James Loney was viewed by many as a pitching prospect in 2002. The Dodgers made him a first baseman. Ethan Martin was looked at as a third baseman, but the Dodgers drafted him as a pitcher in 2008.
And now we come to Aaron Miller. The 2009 supplemental first-round draft pick was a standout two-way player at Baylor University. The Dodgers made him their first pitch that year and, to some surprise, made him a pitcher. In fact, the Dodgers' first two picks that year were good, two-way college players -- the other being Blake Smith.
Miller was moved to the outfield and will get his first shot at being a full-time outfielder with the Great Lakes Loons.
While the Dodgers need pretty much anything but another outfielder, the options are limited for the lefty.
Miller burst onto the scene in 2009 by posting a 2.75 ERA, 1.17 WHIP and 12.0 K/9 in his debut season. The following year, he pitched well with the Inland Empire 66ers before getting promoted to Chattanooga. To say he struggled on the hill with the Lookouts would be an understatement. He posted a 7.04 ERA in six starts.
Fighting through injury for much of the 2011 season, he threw just 36 innings that season. He was decent, but not great.
Last season, he made 25 starts for the Lookouts and was adequate at very best. His control just isn't there and hasn't developed the way the Dodgers had hoped.
However, Miller showed promise with the bat last season. He hit .297/.333/.541 with a home run, two doubles, two triples and struck out just a quarter of his plate appearances. For a pitcher, that's not half-bad.
The 25-year-old pitched almost exclusively out of the bullpen this season (11 games, one start). The options are: make Miller a reliever who might be just a LOOGY or convert him to the outfield.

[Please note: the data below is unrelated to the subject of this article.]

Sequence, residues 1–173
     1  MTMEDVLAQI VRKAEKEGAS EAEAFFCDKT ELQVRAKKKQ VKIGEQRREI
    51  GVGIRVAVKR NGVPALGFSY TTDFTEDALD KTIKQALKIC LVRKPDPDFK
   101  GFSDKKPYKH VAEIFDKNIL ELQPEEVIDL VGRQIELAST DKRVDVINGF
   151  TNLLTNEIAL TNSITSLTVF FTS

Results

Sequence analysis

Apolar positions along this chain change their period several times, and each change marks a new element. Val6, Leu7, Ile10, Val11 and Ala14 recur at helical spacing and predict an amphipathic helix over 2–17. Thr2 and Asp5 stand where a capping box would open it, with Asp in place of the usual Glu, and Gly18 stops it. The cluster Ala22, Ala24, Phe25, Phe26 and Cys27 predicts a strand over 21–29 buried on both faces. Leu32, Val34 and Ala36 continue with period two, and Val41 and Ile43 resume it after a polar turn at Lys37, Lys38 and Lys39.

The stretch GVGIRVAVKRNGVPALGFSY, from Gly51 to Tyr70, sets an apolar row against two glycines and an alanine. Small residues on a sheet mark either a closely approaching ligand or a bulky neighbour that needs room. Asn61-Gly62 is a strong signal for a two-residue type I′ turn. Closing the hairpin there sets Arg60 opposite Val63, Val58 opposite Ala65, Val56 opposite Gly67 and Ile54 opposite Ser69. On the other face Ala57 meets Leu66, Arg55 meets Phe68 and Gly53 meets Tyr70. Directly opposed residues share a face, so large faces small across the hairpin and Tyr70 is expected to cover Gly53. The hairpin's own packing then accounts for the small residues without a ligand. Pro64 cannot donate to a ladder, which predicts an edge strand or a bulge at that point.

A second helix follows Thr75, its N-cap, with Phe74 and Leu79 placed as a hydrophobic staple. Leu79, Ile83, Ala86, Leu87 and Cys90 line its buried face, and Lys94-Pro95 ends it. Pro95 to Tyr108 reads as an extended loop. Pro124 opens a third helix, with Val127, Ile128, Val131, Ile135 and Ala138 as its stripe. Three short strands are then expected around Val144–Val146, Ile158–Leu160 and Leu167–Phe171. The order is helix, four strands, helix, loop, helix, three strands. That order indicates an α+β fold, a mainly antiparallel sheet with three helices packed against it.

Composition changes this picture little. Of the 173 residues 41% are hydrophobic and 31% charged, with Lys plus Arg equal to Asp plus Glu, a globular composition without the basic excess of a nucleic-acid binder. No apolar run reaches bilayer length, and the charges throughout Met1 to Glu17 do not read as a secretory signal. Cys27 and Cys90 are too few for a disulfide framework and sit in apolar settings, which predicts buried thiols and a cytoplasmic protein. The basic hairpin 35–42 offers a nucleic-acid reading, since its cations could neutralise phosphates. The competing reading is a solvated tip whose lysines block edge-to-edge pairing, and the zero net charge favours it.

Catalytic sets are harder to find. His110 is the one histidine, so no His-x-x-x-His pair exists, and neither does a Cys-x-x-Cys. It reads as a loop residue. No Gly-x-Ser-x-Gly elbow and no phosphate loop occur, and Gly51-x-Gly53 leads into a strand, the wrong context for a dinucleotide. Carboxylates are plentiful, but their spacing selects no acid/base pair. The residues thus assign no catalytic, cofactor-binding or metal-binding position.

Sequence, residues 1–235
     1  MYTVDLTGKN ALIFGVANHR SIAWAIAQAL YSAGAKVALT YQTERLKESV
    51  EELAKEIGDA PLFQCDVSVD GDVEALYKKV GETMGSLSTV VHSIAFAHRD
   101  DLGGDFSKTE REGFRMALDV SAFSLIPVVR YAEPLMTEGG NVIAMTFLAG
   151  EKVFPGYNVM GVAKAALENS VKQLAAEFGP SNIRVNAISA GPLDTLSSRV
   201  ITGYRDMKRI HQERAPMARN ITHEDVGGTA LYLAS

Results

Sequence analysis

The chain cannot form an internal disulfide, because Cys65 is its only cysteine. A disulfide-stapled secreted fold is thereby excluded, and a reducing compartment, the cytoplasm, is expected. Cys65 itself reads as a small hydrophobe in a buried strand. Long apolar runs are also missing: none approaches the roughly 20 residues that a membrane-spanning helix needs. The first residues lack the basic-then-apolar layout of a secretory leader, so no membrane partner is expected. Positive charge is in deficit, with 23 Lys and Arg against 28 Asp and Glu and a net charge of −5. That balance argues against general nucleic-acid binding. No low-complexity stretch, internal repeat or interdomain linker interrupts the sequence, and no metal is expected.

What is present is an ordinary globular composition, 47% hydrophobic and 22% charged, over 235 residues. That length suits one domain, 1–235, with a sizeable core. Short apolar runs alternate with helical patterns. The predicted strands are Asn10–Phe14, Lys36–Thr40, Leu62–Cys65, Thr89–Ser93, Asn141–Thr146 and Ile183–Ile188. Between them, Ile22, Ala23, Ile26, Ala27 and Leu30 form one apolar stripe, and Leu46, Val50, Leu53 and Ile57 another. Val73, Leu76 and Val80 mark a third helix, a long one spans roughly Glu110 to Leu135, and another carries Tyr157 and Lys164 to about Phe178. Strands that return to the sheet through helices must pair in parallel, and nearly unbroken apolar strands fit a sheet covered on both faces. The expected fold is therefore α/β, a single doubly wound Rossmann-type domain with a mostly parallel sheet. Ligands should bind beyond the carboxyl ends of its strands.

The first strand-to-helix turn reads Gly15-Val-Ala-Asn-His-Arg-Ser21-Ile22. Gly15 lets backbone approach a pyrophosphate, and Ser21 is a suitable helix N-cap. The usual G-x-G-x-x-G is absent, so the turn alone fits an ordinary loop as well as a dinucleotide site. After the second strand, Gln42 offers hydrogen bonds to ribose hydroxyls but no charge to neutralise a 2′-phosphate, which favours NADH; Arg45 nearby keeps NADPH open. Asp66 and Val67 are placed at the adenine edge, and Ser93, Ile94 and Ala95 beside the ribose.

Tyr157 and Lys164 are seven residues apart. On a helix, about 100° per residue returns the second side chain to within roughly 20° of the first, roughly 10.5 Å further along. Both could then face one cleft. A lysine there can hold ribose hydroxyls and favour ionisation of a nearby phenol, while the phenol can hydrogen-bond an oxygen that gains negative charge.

The Dodgers chose the latter.
Eric Stephen of True Blue LA has some quotes from Vice President, Player Development DeJon Watson.
"'This was something the organization has been talking about for close to a year. His velocity had dropped and he’s had some nagging injuries. He was a two-way player coming out of Baylor when we drafted him and we liked what we saw in his bat when he pitched.'"and
"We felt this was the right time to make the switch given his age and his desire to continue pursuing his big league dream and help this organization."Here's hoping the conversion is successful. The Dodgers had success with moving Kenley Jansen from the field to the mound and, as of now, are having limited success doing the same with Pedro Baez. If Miller makes the transition successfully, he'll be the first to make this conversion in quite some time.
The Loons are struggling offensively. Normally, a 25-year-old going to Low-A would help that, but it remains to be seen if Miller can make the transition.
We'll see what happens.
Photo credit: Dustin Nosler, Feelin' Kinda Blue